"If we can identify those at greatest risk at the county level, if the population is big enough, we can begin building a prevention strategy around those that are at greatest risk," Lorraine said. "One of the things we advocate for is a community-based approach [to preventing suicide]. It can't be a top-down approach. It has got to be a bottom-up approach."
VA officials maintain that their suicide data is accurate, based on verified data from the CDC and Defense Department, and the annual National Suicide Prevention Report tries to capture every veteran suicide for the year.
"Ending Veteran suicide and saving lives is our top clinical priority at VA, and we take every step possible to make sure that our Veteran suicide data is accurate -- because the first step to solving this problem is understanding it," VA Press Secretary Terrence Hayes said in an email Monday in response to the America’s Warrior Partnership report.
"The bottom line is this: One Veteran suicide is one too many, and VA will continue to accurately measure Veteran suicide so we can end Veteran suicide," Hayes said.
Suicides were the 13th leading cause of deaths among veterans in 2020, and suicide was the second leading cause of death among veterans under age 45.
In 2020, suicides among female veterans continued a downward trend, with the age-adjusted rate falling by 14.1%, a drop just slightly smaller than the 15% decline from 2018 to 2019. In contrast, suicides among male veterans dropped by .7%.
On a national level, suicides fell among non-veteran males by 2.1% and by 8.4% for non-veteran women.
Firearms continue to be the leading cause of death by suicide, with more than 70% of male and 48% of female veterans completing suicides with a weapon. However, Miller pointed out, use of firearms decreased in 2020 by 2.5% from the previous year, although it remains 4.5% higher from 2002, when the VA relied on data from fewer than half the states that reported their statistics to the CDC.
"I see that the VA, in collaboration with the community and other federal agencies, is making a difference," Miller said. "What you are seeing in 2019 and 2020 was Year 1 of our implementation of our strategic plan that entailed the deployment of clinically based and community-based interventions and approaches across the nation."
"We see signs of encouragement in the last two years," Miller added.
VA officials often say that veterans do better physically and mentally when they are part of the department's health system and have encouraged eligible veterans to seek VA services.
The VA report noted, however, that veterans in the VA health system had a suicide rate of 34.1 per 100,000, while those who were not in VA care had a rate of 23.8 per 100,000.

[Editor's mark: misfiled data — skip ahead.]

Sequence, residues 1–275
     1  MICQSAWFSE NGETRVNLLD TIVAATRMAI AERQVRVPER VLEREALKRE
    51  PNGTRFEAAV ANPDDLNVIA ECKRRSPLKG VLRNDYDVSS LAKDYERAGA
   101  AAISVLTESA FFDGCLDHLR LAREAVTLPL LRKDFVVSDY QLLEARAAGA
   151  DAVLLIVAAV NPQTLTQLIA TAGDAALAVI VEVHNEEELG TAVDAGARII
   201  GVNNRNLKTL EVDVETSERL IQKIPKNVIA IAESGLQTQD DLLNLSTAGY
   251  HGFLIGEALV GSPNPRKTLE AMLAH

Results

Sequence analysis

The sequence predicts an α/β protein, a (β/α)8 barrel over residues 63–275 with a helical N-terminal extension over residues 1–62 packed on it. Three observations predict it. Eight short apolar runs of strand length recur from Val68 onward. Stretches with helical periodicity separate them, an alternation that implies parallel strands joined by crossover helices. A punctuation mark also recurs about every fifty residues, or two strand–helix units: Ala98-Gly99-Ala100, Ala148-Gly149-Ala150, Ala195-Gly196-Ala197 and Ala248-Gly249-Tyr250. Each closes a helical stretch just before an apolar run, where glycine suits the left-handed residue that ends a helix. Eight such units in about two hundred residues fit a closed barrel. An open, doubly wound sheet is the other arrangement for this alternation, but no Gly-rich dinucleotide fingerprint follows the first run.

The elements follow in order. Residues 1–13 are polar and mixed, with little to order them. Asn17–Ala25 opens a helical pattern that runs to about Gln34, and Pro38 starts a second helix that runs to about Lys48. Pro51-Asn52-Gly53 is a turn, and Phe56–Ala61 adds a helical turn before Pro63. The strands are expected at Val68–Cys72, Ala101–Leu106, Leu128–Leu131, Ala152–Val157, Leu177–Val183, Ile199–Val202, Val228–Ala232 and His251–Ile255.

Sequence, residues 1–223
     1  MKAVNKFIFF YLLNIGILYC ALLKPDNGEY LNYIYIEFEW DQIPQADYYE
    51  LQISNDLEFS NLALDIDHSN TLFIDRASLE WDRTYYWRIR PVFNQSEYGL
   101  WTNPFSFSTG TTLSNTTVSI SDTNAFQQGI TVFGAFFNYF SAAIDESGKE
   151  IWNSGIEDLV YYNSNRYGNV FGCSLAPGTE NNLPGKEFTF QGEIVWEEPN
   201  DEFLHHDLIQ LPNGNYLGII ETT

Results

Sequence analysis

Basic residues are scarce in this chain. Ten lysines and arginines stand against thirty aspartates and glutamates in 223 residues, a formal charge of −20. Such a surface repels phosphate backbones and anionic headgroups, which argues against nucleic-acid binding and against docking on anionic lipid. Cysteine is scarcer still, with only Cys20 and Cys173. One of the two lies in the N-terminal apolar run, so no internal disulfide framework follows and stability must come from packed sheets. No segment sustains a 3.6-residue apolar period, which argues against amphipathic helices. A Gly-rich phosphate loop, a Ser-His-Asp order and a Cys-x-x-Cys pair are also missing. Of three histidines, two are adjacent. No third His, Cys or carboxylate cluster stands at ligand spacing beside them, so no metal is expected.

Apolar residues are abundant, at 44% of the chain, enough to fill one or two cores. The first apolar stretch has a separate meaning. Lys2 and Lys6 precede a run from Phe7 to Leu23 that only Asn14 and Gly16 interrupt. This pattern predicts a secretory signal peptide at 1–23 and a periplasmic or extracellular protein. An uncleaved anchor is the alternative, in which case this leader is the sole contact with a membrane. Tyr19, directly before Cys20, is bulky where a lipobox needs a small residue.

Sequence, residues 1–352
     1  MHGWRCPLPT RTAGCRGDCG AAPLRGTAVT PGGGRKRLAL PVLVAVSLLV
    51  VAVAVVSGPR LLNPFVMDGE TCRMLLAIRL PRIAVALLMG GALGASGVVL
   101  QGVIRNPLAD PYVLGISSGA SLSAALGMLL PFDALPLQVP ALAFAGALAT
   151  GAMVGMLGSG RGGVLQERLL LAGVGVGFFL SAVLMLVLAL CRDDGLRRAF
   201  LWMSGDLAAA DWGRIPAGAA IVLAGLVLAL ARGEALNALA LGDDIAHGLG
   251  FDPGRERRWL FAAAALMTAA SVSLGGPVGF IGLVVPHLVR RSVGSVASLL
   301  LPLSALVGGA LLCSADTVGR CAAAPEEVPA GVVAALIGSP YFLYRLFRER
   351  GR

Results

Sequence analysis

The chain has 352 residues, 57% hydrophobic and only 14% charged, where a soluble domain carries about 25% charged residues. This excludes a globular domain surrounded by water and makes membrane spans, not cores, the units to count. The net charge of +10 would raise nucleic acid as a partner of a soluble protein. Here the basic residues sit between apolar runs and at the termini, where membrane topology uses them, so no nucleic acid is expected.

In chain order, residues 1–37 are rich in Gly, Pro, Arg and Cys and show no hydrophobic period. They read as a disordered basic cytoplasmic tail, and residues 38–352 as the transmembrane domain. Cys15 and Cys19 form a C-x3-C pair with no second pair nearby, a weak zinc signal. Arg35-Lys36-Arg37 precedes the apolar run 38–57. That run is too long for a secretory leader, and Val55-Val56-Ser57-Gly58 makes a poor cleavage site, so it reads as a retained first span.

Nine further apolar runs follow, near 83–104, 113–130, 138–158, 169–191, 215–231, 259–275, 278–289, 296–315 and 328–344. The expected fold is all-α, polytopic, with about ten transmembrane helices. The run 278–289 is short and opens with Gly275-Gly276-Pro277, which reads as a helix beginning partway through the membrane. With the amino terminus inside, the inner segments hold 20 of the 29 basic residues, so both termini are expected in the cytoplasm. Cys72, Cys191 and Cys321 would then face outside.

Miller said the reason for this difference is that the VA cares for patients with a complex set of medical conditions and circumstances -- more so than veterans who don't seek medical care.
"Would you expect to see a higher rate of heart attacks in the emergency room or in the flu clinic?" Miller said. "You take the same sort of underlying principles and dynamics, and with this population that we are honored to serve, there is the greater statistical likelihood of these sorts of issues and possible outcomes.”
To further reduce suicides among veterans, the VA launched a program that provides funding to community suicide prevention efforts, the Staff Sgt. Parker Gordon Fox Suicide Prevention Grant Program.
The VA also launched a competition in May to encourage organizations and communities to bring their prevention ideas to the department. Dubbed Mission Daybreak, the VA announced 30 finalists Monday who will receive $250,000 each and move ahead in the competition.
Ten additional teams earned awards of $100,000.
"Suicide is one of the most serious public health issues facing our Veterans today, and VA cannot do this work alone," VA Under Secretary for Health Dr. Shereef Elnahal said Monday in a press statement. "With the Staff Sergeant Fox Grants and Mission Daybreak, VA seeks to engage not only organizations traditionally focused on suicide prevention, but also to bring in new groups and individuals who may have fresh ideas on how we address this issue."
The full 2020 VA National Suicide Prevention report is available on the department's web site.
Veterans and service members experiencing a mental health emergency can contact the Veteran Crisis Line at 988, Press 1. They also can text 838255 or chat online at VeteransCrisisLine.net.
Support The MOAA Foundation
Donate to help address emerging needs among currently serving and former uniformed servicemembers, retirees, and their families.